“We all carry a piece of the puzzle-if we come together, we can piece back the puzzle that was scattered by colonization. There is no such thing as no culture, story, language-it’s not lost it’s out there and everyone has a piece of it.”
Indigenous Midwifery as an Expression of Sovereignty
Mothers of the Nations: Indigenous Mothering as Global Resistance, Reclaiming and Recovery, 2014
Last year Changing Woman Initiative was a primary organizer for the Indigenous Midwifery: Ancestral Knowledge Keepers Gathering, which was offered as a pre-conference to the 2015 Midwives Alliance of North America conference in Albuquerque, NM. Our hopes for this gathering was to create an opportunity for Native American midwives across the country to connect and to give voice to the work they were doing in their own communities. However, like many planned events, this gathering took on a spirit of it’s own. Issues that we have not been confronted with before began to surface, issues that we were not prepared to deal with spoke loud and clear. We began to get a lay of the land and the state at which the spirit of Indigenous midwifery was in. As we came together, with hope in our hearts and with a deep need to connect with women who understood our fight, we carried with us, the pain from the disruption of traditional birth knowledge. We told stories of our fragmented communities and the medicalization of birth with the direct marginalization of Indigenous midwifery. With our medicines for healing, we came together carrying much anxiety, hopes, fears, and unfortunately this created more deterioration of ties between women, rather then strength and unification.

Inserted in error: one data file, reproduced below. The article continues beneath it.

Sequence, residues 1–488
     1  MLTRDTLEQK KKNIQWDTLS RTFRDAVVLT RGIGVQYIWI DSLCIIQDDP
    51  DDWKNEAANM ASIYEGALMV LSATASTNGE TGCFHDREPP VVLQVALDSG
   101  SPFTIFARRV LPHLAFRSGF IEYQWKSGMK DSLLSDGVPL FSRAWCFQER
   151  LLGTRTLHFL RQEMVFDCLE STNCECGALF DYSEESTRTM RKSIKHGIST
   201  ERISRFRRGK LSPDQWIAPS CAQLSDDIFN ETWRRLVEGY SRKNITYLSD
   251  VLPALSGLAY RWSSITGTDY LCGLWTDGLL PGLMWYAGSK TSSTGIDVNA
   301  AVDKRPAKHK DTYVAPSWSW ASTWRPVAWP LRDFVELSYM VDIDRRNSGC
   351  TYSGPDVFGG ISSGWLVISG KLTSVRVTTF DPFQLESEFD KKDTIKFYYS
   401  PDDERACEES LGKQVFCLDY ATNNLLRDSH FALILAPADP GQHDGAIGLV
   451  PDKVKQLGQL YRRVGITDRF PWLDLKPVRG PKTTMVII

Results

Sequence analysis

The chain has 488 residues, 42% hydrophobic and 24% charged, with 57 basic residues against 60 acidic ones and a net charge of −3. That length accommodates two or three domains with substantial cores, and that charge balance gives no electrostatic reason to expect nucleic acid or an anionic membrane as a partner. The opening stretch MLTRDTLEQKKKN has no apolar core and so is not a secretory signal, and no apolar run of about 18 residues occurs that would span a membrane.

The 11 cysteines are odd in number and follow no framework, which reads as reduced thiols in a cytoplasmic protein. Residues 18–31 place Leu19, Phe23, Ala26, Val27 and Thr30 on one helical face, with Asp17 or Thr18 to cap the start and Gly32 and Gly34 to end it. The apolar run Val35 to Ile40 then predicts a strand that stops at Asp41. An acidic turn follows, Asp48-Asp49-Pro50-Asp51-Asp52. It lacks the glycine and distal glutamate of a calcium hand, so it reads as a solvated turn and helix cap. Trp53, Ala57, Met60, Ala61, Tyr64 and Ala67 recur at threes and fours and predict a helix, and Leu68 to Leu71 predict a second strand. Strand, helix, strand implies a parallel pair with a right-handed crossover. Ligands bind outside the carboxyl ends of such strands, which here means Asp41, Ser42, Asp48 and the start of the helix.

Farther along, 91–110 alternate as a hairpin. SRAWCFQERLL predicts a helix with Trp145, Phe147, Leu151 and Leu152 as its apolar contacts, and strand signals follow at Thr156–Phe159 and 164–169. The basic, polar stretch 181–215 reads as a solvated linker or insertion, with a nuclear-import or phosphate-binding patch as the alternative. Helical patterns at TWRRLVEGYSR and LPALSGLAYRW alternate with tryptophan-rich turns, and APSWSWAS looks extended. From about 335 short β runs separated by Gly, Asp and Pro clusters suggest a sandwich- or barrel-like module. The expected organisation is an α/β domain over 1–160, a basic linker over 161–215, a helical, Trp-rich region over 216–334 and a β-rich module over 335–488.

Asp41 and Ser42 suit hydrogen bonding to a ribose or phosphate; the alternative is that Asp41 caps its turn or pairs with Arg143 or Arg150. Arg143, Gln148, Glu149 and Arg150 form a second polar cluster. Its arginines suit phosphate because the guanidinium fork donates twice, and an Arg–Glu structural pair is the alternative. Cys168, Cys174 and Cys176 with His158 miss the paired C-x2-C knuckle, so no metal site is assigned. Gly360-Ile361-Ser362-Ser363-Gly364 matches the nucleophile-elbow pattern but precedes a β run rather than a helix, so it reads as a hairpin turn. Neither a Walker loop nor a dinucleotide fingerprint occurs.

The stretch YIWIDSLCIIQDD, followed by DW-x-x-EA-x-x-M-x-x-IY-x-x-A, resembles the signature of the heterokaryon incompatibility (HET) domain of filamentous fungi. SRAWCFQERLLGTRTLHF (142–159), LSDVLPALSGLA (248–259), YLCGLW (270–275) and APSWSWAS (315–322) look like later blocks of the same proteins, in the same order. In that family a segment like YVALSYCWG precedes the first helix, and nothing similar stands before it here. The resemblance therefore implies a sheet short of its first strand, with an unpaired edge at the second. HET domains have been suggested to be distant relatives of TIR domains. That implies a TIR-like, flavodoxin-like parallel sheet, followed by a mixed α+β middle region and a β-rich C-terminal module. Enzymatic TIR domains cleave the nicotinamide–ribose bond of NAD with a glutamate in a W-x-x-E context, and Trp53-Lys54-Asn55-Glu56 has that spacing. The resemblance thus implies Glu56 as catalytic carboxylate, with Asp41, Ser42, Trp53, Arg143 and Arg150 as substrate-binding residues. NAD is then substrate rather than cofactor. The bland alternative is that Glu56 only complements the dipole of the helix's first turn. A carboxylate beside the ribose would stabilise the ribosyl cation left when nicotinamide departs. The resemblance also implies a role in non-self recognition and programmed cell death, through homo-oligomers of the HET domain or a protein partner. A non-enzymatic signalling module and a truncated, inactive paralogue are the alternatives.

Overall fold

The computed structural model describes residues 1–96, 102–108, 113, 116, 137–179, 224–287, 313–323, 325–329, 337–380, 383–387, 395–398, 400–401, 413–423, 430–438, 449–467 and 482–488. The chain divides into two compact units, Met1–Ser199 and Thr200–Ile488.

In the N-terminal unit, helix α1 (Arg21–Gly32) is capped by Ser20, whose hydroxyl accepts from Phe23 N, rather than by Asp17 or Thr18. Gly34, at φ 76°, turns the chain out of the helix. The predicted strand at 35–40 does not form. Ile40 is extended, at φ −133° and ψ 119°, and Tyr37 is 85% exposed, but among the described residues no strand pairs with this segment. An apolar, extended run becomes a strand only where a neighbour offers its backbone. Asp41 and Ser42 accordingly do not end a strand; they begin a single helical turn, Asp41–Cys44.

It has taken several months of reflection to understand that we have such a long way to go to reclaim our places in birth again. At the time, we looked to our Aboriginal sister’s in Canada for guidance, as that they were years down the road from us, but where we did not look was to our sister’s to the South, West, and East of us. In looking to the four directions for healing, our world has opened up, in this came understanding that indigenous midwifery worldwide is experiencing the very same things we are, dispossession of land, fragmentation of family, medicalization of birth, western beliefs and frameworks that don’t incorporate our way of healing, our way of birthing, mothering, and living on the territories that feed us.
Today as Indigenous midwives, we are all re-constructing our roles in our communities again, re-constructing frameworks that reflect our methodologies, re-constructing our governance, even re-constructing ourselves as that we have each survived deliberate separation from our traditional life way teachings and have unknowingly integrated into a system that does not value us as knowledge keepers. It is for this very reason I hold my elders high, women who have carried the spirit of Indigenous midwifery through the years, despite the dehumanizing frameworks they too have had to be apart of to care for their communities. I hold them high, I cry tears of joy that they are still here. I also think about the future. I think about the future of Indigenous midwifery, although each of us are scattered around the globe, fighting for the right to carry our women’s medicine…we are one drumbeat together.